SUPPORTING PEOPLE THROUGH CHALLENGES: Conference Report

Mitchel Fleming, St Paul’s Service, rounds up The Talbot Group’s inaugural conference on current evidence-based best practice approaches to supporting adults with intellectual disabilities.

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The Talbot Group, in association with the British Institute of Learning Disability (BILD), organised a symposium and conference on supporting people with intellectual disabilities (ID) and challenging behaviour, in the City North Hotel, Dublin, on 27-28 November 2013. Dr Tony Woods, CEO of the Talbot Group, and Ann Chivers, CEO of BILD, welcomed participants to the two-day event. Dr Woods said that the Talbot Group were delighted to host this, their inaugural conference on current evidence-based best practice approaches to supporting adults with intellectual disabilities. Topics covered during the two days included: trauma-informed care, positive behaviour support (PBS) and working with bereavement.

Dr Edwin Jones, who is based in Cardiff, gave an excellent overview of the model of PBS used by his team to support people with ID and challenging behaviour. He explained that PBS arose out of concerns with traditional models of service delivery. PBS, on the other hand, has a clear value based and utilises behavioural approaches to enhance service users’ quality of life. It does this by treating people with respect and providing them with opportunities to develop and maintain relationships, make choices, participate in the community, and engage in meaningful activities. Edwin emphasised the importance of practice leadership, effective staff training and regular monitoring and evaluation of PBS plans.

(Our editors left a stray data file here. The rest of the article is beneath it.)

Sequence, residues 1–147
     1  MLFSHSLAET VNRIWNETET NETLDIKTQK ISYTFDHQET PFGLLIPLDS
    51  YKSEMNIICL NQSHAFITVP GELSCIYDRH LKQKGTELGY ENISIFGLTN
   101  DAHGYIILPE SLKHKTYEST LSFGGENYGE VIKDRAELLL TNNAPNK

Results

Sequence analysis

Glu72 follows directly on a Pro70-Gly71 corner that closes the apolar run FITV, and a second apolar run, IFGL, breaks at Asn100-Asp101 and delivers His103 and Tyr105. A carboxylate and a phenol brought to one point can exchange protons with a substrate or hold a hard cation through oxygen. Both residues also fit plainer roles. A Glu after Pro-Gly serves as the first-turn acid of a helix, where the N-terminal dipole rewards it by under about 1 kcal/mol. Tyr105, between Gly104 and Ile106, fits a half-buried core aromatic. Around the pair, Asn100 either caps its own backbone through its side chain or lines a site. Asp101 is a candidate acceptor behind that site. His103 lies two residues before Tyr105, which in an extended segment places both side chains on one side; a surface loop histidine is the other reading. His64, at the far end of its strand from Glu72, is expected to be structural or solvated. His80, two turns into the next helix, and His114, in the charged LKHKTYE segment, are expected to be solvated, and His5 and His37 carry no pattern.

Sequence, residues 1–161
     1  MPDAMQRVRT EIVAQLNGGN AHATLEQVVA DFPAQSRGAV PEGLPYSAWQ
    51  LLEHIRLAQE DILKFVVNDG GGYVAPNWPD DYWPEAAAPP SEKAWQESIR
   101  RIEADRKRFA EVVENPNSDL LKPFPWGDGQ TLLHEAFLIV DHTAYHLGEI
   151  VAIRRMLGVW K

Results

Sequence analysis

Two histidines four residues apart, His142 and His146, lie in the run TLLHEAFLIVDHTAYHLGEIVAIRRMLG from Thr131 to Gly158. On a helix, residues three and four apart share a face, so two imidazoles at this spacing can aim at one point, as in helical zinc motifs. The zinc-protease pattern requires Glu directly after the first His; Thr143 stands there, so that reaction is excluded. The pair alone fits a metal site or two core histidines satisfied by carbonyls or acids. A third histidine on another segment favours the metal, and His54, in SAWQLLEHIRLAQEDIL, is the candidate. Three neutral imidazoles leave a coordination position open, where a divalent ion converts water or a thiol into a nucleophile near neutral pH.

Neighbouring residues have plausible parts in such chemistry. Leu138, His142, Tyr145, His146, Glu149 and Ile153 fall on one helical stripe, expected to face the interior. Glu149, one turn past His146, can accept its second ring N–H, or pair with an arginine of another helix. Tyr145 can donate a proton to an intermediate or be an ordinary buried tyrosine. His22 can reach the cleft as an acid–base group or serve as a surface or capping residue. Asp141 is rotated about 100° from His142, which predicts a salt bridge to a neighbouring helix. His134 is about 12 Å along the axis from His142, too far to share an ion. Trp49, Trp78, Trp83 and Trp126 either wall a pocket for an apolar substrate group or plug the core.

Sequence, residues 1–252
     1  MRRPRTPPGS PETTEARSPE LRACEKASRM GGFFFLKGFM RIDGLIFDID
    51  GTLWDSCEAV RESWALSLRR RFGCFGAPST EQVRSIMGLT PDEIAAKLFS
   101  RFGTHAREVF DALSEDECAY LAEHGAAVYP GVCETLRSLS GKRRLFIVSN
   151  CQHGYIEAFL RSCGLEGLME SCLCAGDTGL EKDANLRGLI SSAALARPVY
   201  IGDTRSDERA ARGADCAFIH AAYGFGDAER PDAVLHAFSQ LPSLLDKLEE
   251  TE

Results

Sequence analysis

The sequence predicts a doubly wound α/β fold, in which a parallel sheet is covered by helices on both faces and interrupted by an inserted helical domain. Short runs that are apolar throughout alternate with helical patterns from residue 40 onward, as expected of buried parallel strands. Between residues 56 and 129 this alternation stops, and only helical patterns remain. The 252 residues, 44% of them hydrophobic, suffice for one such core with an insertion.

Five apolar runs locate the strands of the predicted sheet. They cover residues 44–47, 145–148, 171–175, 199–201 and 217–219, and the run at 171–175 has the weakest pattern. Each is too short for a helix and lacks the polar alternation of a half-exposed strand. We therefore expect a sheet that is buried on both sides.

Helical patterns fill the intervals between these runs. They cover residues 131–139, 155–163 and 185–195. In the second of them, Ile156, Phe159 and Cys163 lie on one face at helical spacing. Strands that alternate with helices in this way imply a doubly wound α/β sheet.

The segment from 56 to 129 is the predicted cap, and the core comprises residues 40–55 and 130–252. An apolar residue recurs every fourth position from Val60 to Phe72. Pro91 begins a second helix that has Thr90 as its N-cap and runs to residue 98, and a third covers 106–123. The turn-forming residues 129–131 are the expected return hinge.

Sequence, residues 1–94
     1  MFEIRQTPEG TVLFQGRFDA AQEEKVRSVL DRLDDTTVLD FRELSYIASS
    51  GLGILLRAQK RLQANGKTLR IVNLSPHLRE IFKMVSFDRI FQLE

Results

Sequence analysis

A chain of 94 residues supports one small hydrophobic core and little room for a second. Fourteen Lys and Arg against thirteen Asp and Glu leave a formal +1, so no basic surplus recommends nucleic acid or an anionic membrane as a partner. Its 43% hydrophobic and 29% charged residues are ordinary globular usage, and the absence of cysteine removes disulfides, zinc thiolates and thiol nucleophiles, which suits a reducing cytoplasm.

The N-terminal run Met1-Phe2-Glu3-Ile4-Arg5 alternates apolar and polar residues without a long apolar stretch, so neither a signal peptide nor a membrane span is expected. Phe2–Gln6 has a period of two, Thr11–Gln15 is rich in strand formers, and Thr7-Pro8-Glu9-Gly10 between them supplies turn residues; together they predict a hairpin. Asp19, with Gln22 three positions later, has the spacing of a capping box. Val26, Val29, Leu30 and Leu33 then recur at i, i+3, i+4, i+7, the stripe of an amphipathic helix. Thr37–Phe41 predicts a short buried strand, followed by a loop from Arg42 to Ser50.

Dr Brodie Paterson, University of Stirling, Scotland, gave an insightful presentation on trauma-informed care. He noted that many service users have experienced trauma in the form of physical and emotional abuse, severe neglect, repeated abandonment, sudden separation and loss, and exposure to violence. Staff who support people with challenging behaviour can also experience trauma in the form of disrespect, anger and physical attacks by clients. These events produce strong emotions that need to be understood and carefully managed or they will have an adverse effect on people lives and the quality of service delivered. Brodie emphasised the importance of values such as open communication, non-violence, democracy, social responsibility, emotional intelligence and social learning for services that support people with ID and challenging behaviour. He also advocated the use of creative activities, safe touch, specialist therapies, mindfulness and the promotion of secure attachments as a way of promoting recovery from trauma.